Then there are those of us who aren’t particularly fond of the man himself, and if your instinct here is to differentiate between his online persona and his true self, remember that he’s being judged here for what he writes, and most of what he writes is about himself, and whether that is representative of his persona or his self is less important than that it is the version of himself he is advancing for our consumption. I don’t care whether it’s persona or self—it’s what I have to go on, and all he wants to talk about.

Those of us who are annoyed by him are annoyed principally by the sort of person who wants to turn every conversation into a personal examination of their coolness, or quirkiness, or wisdom, or expertise, or whatever. And this, see, this is where we circle back to Bill Simmons’ capital-I Importance, the influence for which he is credited over the recent history and current trajectory of sportswriting and sports and culture blogging. This is where The Bill Simmons effect becomes a thing, and, depending upon who you ask, a massively annoying thing.

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I will not deny that Bill Simmons has been massively influential. In fact, I think a big part of his popularity—but (I am willing to grant) probably not the biggest part—derives from the unexpressed but unmistakable promise inherent in his style: there is a future in sportswriting for people who just want to type out their stream of consciousness. Again, I am offering that—just that, and just at this moment—without any value judgments whatsoever. If you are someone who has been inspired to write freely by Bill Simmons’ Sports Guy routine, that’s fine. It’s fine! If his style made you feel safer or more empowered to write in your own voice and express your own observations and beliefs about, umm, sports, or whatever, cool. That’s cool.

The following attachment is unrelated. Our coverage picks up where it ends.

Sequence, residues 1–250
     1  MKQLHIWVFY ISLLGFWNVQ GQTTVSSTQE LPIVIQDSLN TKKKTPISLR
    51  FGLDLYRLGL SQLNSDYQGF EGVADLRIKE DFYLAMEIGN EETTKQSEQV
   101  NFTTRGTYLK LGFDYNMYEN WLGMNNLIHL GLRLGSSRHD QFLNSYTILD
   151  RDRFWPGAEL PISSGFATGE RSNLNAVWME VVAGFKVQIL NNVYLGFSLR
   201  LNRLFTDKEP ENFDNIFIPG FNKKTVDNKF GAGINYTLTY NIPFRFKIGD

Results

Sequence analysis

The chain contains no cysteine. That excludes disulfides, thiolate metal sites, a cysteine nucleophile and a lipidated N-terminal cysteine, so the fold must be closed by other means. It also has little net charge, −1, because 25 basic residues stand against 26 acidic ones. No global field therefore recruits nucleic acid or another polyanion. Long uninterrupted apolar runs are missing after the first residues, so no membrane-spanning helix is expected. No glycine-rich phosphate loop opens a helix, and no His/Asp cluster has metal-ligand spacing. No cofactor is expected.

There is evidence of this influence, if you are so inclined to grant as its inspiration the rise of Bill Simmons. Here is an example of writing about basketball, a la Bill Simmons. This post is nominally about NBA point guards. What is it really about? Well, charitably, it is about the author and his son. More probably, it is about wanting to publish words with your name at the top and having nothing else to say beyond “look at me, I have a son, also there is a sport called basketball, did I mention I have a son.” It will not surprise you to learn that the people who dislike Bill Simmons strongly, strongly dislike stuff like this.